Federal labor law requires the union to file an objection to the election within seven days. Objections are investigated initially by regional officials at the NLRB, and can lead to a hearing on whether the conduct at issue is serious enough to justify annulling the results of the election and requiring a revote.

Thomas Gies is an AEI adjunct scholar and a founding member of Crowell & Moring’s Labor & Employment Law Group.

Follow AEIdeas on Twitter at @AEIdeas.

46 thoughts on “VW workers reject the UAW: Here’s what it means … and what’s next

  1. What would be interesting to know is why workers decided not to vote for unionization. I think the public in general understands why workers would have voted for it.

    • Here’s a guess. A natural leader among the “workers” helped them understand the history of the UAW, and how that recent history has involved running one plant after another into the ground. They may have also done the extra credit unit of study to learn how their dues are funneled to union friendly politicians who pass laws that make it harder for their employers to stay in business. Perhaps they then did the rational economic calculation for themselves individually, as “workers.”

      • LAS, The hypothesis about having their “dues are funneled to union friendly politicians…” is incorrect. Under federal law, all union members have to deliberately choose to have their dues used for campaign funding. That is an interesting hypothesis about a union “running one plant after another into the ground.” Do you have any citations to supper that?

          • “GM bailout” is not a cite. Please provide a citation. Thank you. Then I will reciprocate.

            That’s not how this works. You pretended to quote a law. You’ve been invited to cite the law you prete4nd to quote. Your evasion is a loud and clear answer concerning your pretense.

            Eric Hines

          • @cgregory: At a plant level of detail, “GM bailout” is actually a collection of many “cites”. Now you need to find every federal statute that might apply to your claim in order to “reciprocate.” GLWT, union flack.

          • @cgregory: 2nd sentence of the Columbia Law Review abstract you “cite” for @ehines states “After the decision, campaign finance law leaves both [corporations and unions] equally unconstrained and free to use their general treasuries to finance political expenditures.” Un. Constrained. This is the exact opposite of the position you stated. Still waiting for something that holds water.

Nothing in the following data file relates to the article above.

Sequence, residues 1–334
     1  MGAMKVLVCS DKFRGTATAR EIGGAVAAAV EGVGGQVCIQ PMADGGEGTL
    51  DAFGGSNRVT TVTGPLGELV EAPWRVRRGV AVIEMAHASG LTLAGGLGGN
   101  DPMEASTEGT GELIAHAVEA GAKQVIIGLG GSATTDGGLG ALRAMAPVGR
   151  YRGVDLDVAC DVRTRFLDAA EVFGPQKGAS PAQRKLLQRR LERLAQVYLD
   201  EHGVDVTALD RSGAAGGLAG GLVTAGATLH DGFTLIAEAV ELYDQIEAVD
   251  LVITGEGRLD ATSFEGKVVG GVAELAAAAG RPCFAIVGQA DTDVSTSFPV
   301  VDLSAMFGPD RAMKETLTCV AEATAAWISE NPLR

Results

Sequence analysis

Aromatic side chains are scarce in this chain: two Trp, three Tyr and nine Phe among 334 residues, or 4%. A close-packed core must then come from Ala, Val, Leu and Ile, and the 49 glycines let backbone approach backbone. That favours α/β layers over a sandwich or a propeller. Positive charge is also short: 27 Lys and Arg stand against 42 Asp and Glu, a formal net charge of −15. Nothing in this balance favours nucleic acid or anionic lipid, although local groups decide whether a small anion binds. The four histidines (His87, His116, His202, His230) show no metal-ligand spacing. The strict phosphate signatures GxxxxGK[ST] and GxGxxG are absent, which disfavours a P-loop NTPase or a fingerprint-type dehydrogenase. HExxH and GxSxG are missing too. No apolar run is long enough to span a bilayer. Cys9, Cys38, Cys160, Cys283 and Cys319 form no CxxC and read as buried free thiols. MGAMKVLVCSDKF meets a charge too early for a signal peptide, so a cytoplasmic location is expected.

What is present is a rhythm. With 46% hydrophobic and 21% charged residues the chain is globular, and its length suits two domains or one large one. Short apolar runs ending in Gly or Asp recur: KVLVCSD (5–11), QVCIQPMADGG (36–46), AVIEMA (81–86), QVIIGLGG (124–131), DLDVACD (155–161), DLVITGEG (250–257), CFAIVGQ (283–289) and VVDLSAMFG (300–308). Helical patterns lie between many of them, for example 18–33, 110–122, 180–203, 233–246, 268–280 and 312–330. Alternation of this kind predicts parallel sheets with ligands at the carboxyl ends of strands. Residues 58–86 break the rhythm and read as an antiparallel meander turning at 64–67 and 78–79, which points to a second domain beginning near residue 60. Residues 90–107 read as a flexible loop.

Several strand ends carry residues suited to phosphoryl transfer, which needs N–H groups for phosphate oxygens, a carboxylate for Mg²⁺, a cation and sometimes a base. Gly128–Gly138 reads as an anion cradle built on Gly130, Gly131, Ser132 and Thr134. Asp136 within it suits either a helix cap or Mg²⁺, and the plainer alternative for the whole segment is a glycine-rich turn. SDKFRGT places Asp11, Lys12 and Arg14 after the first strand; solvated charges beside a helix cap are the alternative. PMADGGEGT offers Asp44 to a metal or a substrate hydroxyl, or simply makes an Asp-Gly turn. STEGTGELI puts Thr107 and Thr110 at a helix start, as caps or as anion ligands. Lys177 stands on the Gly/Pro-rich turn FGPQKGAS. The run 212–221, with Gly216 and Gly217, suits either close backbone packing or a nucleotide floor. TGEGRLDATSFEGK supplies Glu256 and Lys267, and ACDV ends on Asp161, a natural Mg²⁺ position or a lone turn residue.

• LaS– Re: your reading of the Columbia Review article.

            If you’d read pp. 819-20, you would have realized that the operative term in “equally unconstrained” was the former, not the latter. To have written “equally constrained” would have in no way changed the character of the cited text. It appears you never got farther than the second sentence of the overview.

          • #1: If I’ve asked you to provide evidence, and the evidence you provide is a third party opinion 20 pages long, it is incumbent upon you to identify which 2 pages you think are relevant if you wish to make a convincing argument. It is not my responsibility to sift through it to support your argument. #2: The equal “constraint” pp. 819-820 identify is an employee right to opt-out. If the employee does not exercise this right, the union is: completely. un. constrained. #3: Since you are the expert – please educate the forum on the federal regulations that govern the opt-out disclosure requirements imposed on unions. Try to be more direct this time. Looking for a legal code, not a third party opinion.

          • LaS, it does not speak well of people who don’t like to do their homework. To save you the effort, however: In June of 2006, in Knox vs. SEIU the US Supreme Court ruled that unions may not willy-nilly use agency fees (funds from non-members who are required to pay to support the union’s member services, such as legal representation in workplace disputes) for political purposes against the wishes of those non-members. Translation: Unions, either you have an “opt-in,” or you will pay for it.